On the surface, this is a victory for so-called "gay rights."
In fact, it is a serious defeat for the Constitution, and for those of us who believe in what the Founding Fathers created.
The Wall Street Journal makes a good point today:
The complication is that the Constitution is silent about marriage and social-policy preferences, which are supposed to be settled by the people and the political branches.And that's the point!
Over the last 24 hours, I've been hearing words like love or phrases like "right to marry."
In fact, I don't have a problem with love or marriage. I'm delighted that people in love want to get married.
My problem is that Justice Kennedy, and four others, found a right that isn't there. They decided that they know best rather than to let the legislatures and voters make the call. (By the way, many states had already done so.)
There are huge problems coming down the road:
First, the justices have not settled anything. They've simply poisoned the political well by imposing their definition of marriage on the rest of us.
Did Roe v. Wade settle abortion? No. It is still a contentious issue, because it happened by judicial fiat rather than voters and state legislatures.
Second, this new ruling will turn every judicial nomination into a battle over abortion or same-sex marriage. I can hear the questions: do you believe that the decision over same sex marriage is settled law? Can you guarantee that you won't overturn it?
David Brooks saw this in the battles for now-justices Alito and Roberts:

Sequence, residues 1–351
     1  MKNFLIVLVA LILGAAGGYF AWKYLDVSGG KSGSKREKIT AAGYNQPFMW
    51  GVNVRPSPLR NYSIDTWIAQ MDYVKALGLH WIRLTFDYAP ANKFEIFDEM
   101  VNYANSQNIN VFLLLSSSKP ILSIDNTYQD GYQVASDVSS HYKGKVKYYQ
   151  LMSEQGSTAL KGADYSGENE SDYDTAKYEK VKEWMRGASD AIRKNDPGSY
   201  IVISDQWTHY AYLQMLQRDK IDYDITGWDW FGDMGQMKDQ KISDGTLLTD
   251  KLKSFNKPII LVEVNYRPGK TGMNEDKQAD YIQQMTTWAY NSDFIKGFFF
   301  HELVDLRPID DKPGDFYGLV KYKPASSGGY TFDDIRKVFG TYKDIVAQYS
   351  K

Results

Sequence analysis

Justice Harry Blackmun did more inadvertent damage to our democracy than any other 20th-century American. When he and his Supreme Court colleagues issued the Roe v. Wade decision, they set off a cycle of political viciousness and counter-viciousness that has poisoned public life ever since, and now threatens to destroy the Senate as we know it.Every judicial appointment, especially any from a GOP president, faces a "Borking" from people who want guarantees that he or she will not reverse the abortion, and now, the same-sex marriage decisions. It's insane and vicious.
Third, what happens to those of us who believe that marriage is between a man and a woman? In other words, what happens to those of us who agreed with Senator Obama in 2008 and Senator Clinton in 2004?
Are we suddenly bigots? Are we going to get sued if we refuse to participate? Will Catholic schools, or others, have to teach something that they don't believe in? What happens when some sister in a Catholic school or black minister says that homosexuality is a sin? Will they be sued on a civil rights challenge?
The Founding Fathers had wisdom, and that's why they left these issues to the people. The five Justices, Kennedy and the four liberal robots, are arrogant and disrespectful of the people.
Last, but not least, President Obama, and many liberals, were just handed a victory that they never had the courage to fight for in the political arena. President Obama never went into the political arena and fought for "gay rights." He gave vague speeches but never went out in 2008 or 2012 and called for same-sex marriage.
Nothing got settled. I expect this issue to poison our political rhetoric for years. We can thank Justice Kennedy for that.
P.S. You can listen to my show (Canto Talk) and follow me on Twitter.
Saturday June 27: The US Supreme Court, the debt crisis in Greece plus terror in France.......http://t.co/HSFsqW8hxq— Silvio Canto, Jr. (@SCantojr) June 28, 2015
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